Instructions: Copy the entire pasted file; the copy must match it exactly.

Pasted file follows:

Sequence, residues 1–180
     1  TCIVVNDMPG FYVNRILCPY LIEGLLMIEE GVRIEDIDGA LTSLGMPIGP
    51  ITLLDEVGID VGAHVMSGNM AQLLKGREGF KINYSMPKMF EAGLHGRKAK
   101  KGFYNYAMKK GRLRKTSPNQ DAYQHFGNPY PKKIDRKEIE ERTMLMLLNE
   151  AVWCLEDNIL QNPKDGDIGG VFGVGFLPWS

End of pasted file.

Sequence, residues 1–180
     1  TCIVVNDMPG FYVNRILCPY LIEGLLMIEE GVRIEDIDGA LTSLGMPIGP
    51  ITLLDEVGID VGAHVMSGNM AQLLKGREGF KINYSMPKMF EAGLHGRKAK
   101  KGFYNYAMKK GRLRKTSPNQ DAYQHFGNPY PKKIDRKEIE ERTMLMLLNE
   151  AVWCLEDNIL QNPKDGDIGG VFGVGFLPWS